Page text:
John Furlong, the President and chief executive of the 2010 Vancouver Winter Olympics and Paralympics, has said that if the Games were to return in 2030 they would take place largely at existing venues and require only private funding.
Furlong, offering his advice to the Vancouver Board of Trade over the prospect of bidding for the next Winter Games available after Milan and Cortina D’Ampezzo hosts the 2026 edition, said the investment made for 2010 would reduce costs and allow a wider spread of the event into the province of British Columbia.
He emphasised the differences there would be between 2010 and a 2030 staging.
“Cost, structure and scope – all very different,” Furlong said to Canada Press.
“The compact plan of 2010 abandoned and replaced by a regional, more inclusive plan, that focuses on delivering a province-wide experience and advantage.
“From three British Columbia communities, as was the case in 2010, to as many as eight or nine provided minimum venue and hosting requirements can be achieved.”
Furlong said that Vancouver and Whistler would remain among the host sites because of the 2010 sport venues still operational, such as the speed skating oval in Richmond and the sliding track and ski jumps in Whistler.
“There will be no taxpayer money requested for venue construction,” Furlong added.
“The premise for a 2030 Olympic and Paralympic bid is rooted in the fundamental notion that we can and will use existing facilities and venues and involve new communities.
“The idea here is that the 2030 Games would be funded entirely by the private sector.”
Furlong suggested that communities wanting to be part of the Games could obtain funds for their projects from Government infrastructure programmes, and that Games revenues from television, ticket sales, sponsorship and International Olympic Committee (IOC) marketing adding up to just over $2 billion (£1.4 billion/€1.7 billion) would cover Games operations.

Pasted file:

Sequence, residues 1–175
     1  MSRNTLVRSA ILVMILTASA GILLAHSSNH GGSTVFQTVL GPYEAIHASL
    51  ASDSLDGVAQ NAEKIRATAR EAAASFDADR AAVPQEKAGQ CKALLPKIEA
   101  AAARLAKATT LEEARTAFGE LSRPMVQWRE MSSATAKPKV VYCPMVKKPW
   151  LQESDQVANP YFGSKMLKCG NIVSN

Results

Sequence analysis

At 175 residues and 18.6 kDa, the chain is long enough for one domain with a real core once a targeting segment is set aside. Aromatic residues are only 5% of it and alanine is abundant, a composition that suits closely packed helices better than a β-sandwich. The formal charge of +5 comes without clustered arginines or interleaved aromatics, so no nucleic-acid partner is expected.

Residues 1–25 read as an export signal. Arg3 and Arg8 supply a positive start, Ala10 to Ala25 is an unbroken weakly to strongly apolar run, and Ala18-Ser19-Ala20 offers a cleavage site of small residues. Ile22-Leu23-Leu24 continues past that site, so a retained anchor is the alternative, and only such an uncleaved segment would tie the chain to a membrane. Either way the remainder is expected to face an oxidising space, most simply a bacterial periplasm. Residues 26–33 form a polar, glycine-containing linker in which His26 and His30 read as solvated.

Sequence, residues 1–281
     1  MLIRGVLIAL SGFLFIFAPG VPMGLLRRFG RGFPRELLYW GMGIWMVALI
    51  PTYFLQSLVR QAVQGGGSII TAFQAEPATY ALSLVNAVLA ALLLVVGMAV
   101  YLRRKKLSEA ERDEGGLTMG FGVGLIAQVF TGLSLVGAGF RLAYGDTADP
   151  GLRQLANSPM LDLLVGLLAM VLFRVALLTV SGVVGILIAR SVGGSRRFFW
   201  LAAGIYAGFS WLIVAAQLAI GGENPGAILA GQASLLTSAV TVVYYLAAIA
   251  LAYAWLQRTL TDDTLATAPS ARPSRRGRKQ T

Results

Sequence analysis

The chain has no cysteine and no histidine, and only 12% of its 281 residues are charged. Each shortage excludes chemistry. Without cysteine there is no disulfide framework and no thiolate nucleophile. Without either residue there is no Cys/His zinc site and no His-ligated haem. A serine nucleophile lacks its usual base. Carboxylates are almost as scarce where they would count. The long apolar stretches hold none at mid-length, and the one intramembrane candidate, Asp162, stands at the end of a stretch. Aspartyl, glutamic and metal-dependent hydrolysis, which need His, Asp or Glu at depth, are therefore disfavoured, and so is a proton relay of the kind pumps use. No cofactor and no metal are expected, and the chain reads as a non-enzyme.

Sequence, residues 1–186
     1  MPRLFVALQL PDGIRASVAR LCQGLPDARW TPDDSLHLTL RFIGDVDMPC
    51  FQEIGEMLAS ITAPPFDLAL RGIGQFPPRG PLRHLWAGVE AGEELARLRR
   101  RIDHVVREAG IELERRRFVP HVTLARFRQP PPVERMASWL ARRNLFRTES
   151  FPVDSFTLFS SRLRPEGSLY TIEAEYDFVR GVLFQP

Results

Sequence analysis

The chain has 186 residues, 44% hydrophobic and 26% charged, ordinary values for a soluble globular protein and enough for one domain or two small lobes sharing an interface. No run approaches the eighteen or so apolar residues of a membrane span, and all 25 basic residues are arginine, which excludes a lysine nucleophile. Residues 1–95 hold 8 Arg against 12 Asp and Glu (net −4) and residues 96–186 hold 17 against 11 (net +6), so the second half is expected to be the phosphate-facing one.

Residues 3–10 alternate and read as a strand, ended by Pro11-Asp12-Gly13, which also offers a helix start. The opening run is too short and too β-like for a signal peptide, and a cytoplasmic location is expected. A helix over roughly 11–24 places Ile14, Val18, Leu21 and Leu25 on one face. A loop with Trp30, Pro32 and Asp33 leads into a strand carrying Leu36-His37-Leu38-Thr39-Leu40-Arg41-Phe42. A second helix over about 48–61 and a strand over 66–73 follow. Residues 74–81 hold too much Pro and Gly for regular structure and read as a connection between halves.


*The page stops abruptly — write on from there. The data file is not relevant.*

The cost of 2010 was roughly $4 billion (£2.9 billion/€3.3 billion) when the expansion of the highway from Vancouver to Whistler is included.
The 2010 Winter Games essentially broke even, according to VANOC, the Vancouver Games’ Organising Committee.
The British Columbia Government built a downtown rail line to the airport and a convention centre in Vancouver with the Winter Games the deadline for their completion.
Municipal and Provincial Governments could leverage 2030 if they choose for projects such as social housing and public transportation, Furlong said.
The cost of bidding for 2030 would be a fraction of the $36 million (£26 million/€30 million) it cost to bid for 2010, he maintained.
“In 2010, we started at ground zero,” Furlong said.
“With the experience that exists, we do not have to learn the process again, we can bring on experienced people as and when they are needed.”
The bidding landscape has changed dramatically since Vancouver and Whistler had to defeat seven other contenders for 2010.
“The biggest event in the world in 2030 is in need for an owner – I think we qualify,” Furlong concluded.
Plans for Vancouver to launch a bid to host the 2030 Winter Olympic Games were set to be discussed at a public meeting in the Canadian city on November 4 but the talks were postponed until 2021.
Pyrenees-Barcelona in Spain, Japanese city Sapporo and Salt Lake City in the United States are the other cities in discussions with the IOC’s Future Winter Host Commission, which identifies and recommends venues for the Olympic Games.
Spanish officials have put on hold their bid for the Games amid uncertainty caused by COVID-19, while Salt Lake City, which hosted the Winter Olympics in 2002, has not yet decided whether it will bid for 2030 or 2034.